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Edward Hopper

Summarizes and highlights the life and work of Edward Hopper.

Callie Cleckner

on 8 April 2011

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Transcript of Edward Hopper

Edward Hopper "The only real influence I've ever had was myself."
-Edward Hopper "If you could say it in words, there
would be no reason to paint."

-Edward Hopper
(1882-1967) Nighthawks, 1942
oil on canvas
The Art Institute of Chicago (1882-1967) Edward Hopper attended the New York Institute of Art
and design in 1899 for six years. After attending school, he made multiple trips to Paris to learn about impressionism from 1906-1910. Edward Hopper only sold one painting before the age of 41. Summer Evening, 1947
oil on canvas 30 X 42 in.
Collection of Mr. & Mrs. Gilbert H Kinney "Summertime" 1943
oil on canvas
Musem of Fine Arts, Boston He worked as an artist for advertising
and popular fiction for over ten years.
He hated his job. Edward Hopper He lived in his New York City apartment for over 50 years, yet he traveled across the country and to Europe for new subjects.
American Realist
Educated by Robert Henri Hopper created a story with an everyday scene. He used lonely individuals, Cape Cod style homes or a bleak city to create a feeling and a story. In my opinon, his ability to create a story was what made him so talented and famous. “Sometimes talking to Eddie is just like dropping a stone in a well, except that it doesn’t thump when it hits bottom." -Josephine Nivison (Hopper's wife) "Sunday" 1926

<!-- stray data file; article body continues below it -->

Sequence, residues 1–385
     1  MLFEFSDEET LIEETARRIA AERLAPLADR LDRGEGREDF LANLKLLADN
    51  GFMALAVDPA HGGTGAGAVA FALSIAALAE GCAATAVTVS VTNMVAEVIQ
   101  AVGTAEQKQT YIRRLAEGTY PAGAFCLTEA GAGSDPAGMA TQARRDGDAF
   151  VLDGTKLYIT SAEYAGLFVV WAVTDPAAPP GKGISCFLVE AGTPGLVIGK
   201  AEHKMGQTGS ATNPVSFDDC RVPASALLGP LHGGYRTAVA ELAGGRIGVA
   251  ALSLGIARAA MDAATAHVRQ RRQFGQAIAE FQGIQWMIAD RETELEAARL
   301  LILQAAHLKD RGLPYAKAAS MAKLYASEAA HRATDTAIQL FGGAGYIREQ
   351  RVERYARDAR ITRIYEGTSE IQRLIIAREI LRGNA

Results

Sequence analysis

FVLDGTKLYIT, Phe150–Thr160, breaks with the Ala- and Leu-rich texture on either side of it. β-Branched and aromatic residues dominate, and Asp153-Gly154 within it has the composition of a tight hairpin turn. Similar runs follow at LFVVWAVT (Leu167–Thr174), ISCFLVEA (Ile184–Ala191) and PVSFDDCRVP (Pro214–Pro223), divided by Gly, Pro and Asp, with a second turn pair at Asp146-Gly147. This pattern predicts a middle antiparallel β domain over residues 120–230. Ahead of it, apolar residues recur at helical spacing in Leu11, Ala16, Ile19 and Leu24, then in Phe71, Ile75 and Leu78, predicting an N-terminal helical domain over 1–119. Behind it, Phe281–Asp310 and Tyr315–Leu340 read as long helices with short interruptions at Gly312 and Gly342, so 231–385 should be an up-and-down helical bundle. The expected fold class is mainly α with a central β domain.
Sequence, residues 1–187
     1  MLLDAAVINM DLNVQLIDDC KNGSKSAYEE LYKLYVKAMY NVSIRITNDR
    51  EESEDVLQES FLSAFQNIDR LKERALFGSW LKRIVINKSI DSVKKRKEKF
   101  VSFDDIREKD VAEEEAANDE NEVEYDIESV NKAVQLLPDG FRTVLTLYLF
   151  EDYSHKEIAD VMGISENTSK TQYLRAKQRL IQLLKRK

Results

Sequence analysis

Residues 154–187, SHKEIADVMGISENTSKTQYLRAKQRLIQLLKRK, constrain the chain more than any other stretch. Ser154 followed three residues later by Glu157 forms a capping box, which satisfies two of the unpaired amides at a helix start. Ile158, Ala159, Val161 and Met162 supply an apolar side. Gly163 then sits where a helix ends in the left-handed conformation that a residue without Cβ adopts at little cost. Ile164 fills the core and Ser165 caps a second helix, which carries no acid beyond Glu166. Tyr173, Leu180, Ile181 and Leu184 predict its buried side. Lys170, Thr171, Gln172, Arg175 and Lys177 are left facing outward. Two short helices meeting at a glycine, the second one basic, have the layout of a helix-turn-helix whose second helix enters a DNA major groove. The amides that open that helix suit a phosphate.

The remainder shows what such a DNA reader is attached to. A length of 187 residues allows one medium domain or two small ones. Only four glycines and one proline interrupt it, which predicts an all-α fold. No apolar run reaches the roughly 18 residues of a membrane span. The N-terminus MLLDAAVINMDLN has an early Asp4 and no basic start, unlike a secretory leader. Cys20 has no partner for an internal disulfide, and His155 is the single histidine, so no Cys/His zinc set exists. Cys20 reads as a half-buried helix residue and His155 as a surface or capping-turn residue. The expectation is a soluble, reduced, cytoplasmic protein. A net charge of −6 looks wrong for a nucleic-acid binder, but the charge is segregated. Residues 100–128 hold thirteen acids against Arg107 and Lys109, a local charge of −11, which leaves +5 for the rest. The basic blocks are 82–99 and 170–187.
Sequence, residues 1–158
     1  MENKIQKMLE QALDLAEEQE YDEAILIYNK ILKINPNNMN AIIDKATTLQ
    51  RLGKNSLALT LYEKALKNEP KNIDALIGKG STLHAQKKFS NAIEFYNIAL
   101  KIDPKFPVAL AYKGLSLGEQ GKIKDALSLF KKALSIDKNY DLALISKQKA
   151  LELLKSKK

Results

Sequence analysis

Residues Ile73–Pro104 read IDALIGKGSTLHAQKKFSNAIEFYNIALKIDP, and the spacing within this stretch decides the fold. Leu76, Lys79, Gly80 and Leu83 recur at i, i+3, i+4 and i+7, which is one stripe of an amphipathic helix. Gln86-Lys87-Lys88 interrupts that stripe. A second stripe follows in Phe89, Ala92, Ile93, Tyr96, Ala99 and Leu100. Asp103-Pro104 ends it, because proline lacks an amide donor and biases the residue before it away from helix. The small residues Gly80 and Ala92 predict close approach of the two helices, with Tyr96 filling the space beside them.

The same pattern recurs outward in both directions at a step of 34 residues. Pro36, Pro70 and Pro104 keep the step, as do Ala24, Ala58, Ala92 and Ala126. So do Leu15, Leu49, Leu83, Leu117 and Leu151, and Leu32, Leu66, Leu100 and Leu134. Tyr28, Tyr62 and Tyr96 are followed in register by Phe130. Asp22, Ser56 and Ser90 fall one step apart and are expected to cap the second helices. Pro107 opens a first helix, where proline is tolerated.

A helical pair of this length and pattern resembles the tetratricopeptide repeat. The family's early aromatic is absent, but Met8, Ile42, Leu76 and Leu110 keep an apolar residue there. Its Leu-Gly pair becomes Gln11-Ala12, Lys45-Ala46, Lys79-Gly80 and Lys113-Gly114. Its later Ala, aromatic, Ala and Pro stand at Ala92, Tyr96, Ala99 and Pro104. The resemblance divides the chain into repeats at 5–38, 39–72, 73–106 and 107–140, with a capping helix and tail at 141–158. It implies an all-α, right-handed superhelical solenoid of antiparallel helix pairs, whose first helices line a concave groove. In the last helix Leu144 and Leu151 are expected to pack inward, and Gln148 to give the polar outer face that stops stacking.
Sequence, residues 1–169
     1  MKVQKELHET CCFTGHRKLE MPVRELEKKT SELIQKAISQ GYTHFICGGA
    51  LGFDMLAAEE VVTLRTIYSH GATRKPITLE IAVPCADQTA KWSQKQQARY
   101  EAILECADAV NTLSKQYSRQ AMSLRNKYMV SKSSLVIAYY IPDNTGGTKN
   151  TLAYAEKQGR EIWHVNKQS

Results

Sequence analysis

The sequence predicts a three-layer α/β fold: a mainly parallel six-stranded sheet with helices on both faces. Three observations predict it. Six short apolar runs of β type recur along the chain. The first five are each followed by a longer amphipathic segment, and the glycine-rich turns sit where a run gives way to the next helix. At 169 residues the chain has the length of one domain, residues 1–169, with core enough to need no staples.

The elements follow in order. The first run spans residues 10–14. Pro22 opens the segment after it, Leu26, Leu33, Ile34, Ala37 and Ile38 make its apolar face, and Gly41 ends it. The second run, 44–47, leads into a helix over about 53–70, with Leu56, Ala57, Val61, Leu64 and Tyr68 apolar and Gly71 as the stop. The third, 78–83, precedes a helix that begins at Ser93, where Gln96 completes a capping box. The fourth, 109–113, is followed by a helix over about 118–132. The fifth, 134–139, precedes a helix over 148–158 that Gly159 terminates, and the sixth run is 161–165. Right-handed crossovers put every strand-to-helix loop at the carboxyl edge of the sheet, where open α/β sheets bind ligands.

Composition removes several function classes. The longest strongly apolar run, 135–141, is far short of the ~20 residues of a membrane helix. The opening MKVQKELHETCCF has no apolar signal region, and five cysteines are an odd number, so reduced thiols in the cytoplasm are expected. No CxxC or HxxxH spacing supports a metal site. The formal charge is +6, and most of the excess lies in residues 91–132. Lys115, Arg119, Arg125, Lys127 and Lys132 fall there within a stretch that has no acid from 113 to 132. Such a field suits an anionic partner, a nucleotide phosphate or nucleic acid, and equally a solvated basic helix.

oil on canvas, 29X34 in.
Whitney Museum of American Art, NY "Prospect Street, Gloucester" 1928 Watercolor on paper 14 x 20 in. Private collection Self-Portrait 1930
Oil on canvas 25 1/16 x 20 3/8 in.
Whitney Museum of American Art, NY Hopper became famous for depicting the American life as sad, dark, and lonely. Hopper was an American Scene painter and an American realist because of his depictions of the people, architecture, and scenery of early 20th century America. Throughout Hopper's career, he mastered etching, watercolors, and was most infamous for his use of oils. Citations Brommer, G. F. (2007). Discovering art history. Worcester, MA: Davis Publications, Inc. . Levin, G. (n.d.). Edward hopper an intimate biography. Retrieved fromhttp://academic.brooklyn.cuny.edu/classics/jvsickle/jv-hopbi.htm
Brainy quote. (2001). Retrieved from http://www.brainyquote.com/quotes/authors/e/edward_hopper.html
Hopper, E. (Artist). (1942). Nighthawks. [Web]. Retrieved from http://www.artic.edu/aic/collections/exhibitions/hopper/artwork/111628
Hopper, E. (Artist). (1928). Prospect street, gloucester. [Web]. Retrieved from http://www.artchive.com/artchive/H/hopper/prospect.jpg.html
Hopper, E. (Artist). (1930). Self-portrait. [Web]. Retrieved from http://www.ibiblio.org/wm/paint/auth/hopper/hopper.self-portrait.jpg
Hopper, E. (Artist). (1943). Summertime. [Web]. Retrieved from http://www.artilim.com/painting/h/hopper-edward/summertime.jpg
Hopper, E. (Artist). (1947). Summer evening. [Web]. Retrieved from http://picasaweb.google.com/lh/photo/wO9ULmfmFqphJX-FNzvR0A
Hopper, E. (Photographer). (1926). Sunday. [Web]. Retrieved from http://www.artnet.com/magazineus/features/kuspit/kuspit11-22-06_detail.asp?picnum=5
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